New Dunedin Hospital
RCP is orchestrating some big changes in Dunedin as it oversees design and construction of the new billion-dollar Dunedin Hospital.
The hospital, which will be New Zealand’s largest, is being built in two stages: an Outpatient Building (planned to open in 2025) and an Inpatient Building (planned for 2028). The new hospital will include 421 beds, 16 theatres (expandable to 21) and 30 ICU beds (expandable to 40). The two buildings will be joined by a bridge.
While the new hospital will be similar in size to the current one, its design, and its use of the latest technology and digital solutions, will mean greater efficiency, including patient flow around the hospital, and better access to diagnostics and treatment spaces.
RCP oversaw demolition of the old Cadbury site in Dunedin to make space for the new hospital. All of the buildings contained asbestos, which took 12 months to painstakingly remove across the site. The work was completed ahead of programme and on budget.
The new outpatient building is a fast-track design-and-construction project to create short-term relief to the existing hospital while the main Inpatient building is being constructed. RCP managed the design in parallel with the demolition and site clean-up activities.
The ‘design as you go’ approach requires a more flexible engagement process with end users, who are still operating the existing building. Success relies on having a good functional brief up front from a planning perspective and good user-group interactions in real time to move the design forward faster.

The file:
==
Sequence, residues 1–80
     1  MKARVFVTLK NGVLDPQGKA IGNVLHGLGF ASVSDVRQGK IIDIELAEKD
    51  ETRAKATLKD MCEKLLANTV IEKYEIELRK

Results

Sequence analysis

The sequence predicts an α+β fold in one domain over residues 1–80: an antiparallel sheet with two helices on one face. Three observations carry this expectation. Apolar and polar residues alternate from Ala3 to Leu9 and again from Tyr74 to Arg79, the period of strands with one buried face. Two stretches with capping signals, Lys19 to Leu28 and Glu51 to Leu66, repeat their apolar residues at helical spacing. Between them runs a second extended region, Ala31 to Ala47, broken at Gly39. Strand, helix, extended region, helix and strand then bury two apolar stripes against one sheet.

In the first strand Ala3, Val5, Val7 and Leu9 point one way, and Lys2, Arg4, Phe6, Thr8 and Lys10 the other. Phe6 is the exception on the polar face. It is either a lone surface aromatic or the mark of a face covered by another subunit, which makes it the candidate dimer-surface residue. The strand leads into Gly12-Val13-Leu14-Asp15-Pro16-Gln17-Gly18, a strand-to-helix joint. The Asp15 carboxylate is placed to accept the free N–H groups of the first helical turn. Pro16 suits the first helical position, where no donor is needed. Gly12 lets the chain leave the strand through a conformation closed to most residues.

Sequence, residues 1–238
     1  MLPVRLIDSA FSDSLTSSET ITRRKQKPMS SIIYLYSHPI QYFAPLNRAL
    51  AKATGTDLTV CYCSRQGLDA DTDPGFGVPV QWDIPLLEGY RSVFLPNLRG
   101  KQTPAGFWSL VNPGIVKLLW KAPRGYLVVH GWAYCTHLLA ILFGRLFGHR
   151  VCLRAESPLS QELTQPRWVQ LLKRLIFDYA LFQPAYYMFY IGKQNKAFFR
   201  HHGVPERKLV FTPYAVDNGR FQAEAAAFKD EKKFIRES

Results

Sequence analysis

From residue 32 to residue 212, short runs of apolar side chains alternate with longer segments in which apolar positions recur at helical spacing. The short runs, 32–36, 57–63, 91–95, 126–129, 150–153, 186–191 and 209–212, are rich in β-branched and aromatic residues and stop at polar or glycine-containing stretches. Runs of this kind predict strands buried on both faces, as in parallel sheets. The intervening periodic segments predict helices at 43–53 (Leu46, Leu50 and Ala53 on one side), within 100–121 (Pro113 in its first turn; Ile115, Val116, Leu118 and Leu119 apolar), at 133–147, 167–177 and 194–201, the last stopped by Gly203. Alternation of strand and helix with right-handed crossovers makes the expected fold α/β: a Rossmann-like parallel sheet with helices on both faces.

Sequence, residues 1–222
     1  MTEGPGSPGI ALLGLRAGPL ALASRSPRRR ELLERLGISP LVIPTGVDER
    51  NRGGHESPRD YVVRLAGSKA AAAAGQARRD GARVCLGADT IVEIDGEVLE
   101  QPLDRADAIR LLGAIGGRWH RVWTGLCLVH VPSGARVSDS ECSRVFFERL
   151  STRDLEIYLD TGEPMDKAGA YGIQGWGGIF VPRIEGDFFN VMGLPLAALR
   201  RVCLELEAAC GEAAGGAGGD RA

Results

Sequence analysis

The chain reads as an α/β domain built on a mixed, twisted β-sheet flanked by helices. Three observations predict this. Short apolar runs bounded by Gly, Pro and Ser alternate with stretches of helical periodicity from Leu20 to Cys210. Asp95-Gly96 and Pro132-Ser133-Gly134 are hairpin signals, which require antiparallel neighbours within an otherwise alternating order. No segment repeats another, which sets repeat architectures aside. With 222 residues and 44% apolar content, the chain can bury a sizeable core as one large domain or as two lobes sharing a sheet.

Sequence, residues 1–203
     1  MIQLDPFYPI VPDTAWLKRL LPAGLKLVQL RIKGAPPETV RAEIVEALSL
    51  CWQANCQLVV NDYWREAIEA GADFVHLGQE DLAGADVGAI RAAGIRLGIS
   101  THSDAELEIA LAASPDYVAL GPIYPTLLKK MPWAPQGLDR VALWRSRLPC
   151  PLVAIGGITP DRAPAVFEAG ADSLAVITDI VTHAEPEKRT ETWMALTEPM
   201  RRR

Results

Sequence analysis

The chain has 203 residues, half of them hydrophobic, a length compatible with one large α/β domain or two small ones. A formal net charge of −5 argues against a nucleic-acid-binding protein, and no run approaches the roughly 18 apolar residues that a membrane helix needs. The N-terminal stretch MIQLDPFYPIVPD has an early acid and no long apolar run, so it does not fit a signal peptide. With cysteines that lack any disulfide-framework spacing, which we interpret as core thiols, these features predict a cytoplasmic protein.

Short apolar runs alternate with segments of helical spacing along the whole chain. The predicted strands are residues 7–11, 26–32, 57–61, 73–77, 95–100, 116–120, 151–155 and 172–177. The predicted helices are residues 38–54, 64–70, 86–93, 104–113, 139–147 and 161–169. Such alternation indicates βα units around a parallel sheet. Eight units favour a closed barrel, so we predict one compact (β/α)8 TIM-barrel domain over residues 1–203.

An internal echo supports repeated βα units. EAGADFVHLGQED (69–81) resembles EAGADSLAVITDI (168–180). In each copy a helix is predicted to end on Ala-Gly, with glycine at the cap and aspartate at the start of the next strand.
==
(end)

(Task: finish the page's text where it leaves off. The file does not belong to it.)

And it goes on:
To secure buy in, the design process has included considerable engagement with multiple stakeholders to establish and manage the various expectations, including clinical user groups, mana whenua and local authorities. The work is second nature to RCP, which has created a successful design management framework to engage and capture the necessary input and feedback into the right stage of each design process. These principles have been absorbed into the overall execution plan, which governs the processes and management of the overall project.
RCP is leading the codesign process between the design team and Aukaha, the organisation representing mana whenua. RCP has pioneered the development of a process that meaningfully addresses cultural considerations of the local area. It is working collaboratively to deliver key narratives for mana whenua in the design, rather than taking a more traditional approach where mana whenua reviews the design team’s interpretation of key narratives. RCP has also overseen the development of new Māori models of care in conjunction with mana whenua, a first for such a large public hospital project.